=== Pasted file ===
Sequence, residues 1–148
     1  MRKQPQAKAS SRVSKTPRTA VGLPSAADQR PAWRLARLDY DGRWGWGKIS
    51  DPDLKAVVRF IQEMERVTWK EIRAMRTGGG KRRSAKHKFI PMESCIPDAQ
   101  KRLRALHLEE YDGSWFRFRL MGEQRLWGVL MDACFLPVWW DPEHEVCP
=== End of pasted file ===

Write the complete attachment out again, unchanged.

Sequence, residues 1–148
     1  MRKQPQAKAS SRVSKTPRTA VGLPSAADQR PAWRLARLDY DGRWGWGKIS
    51  DPDLKAVVRF IQEMERVTWK EIRAMRTGGG KRRSAKHKFI PMESCIPDAQ
   101  KRLRALHLEE YDGSWFRFRL MGEQRLWGVL MDACFLPVWW DPEHEVCP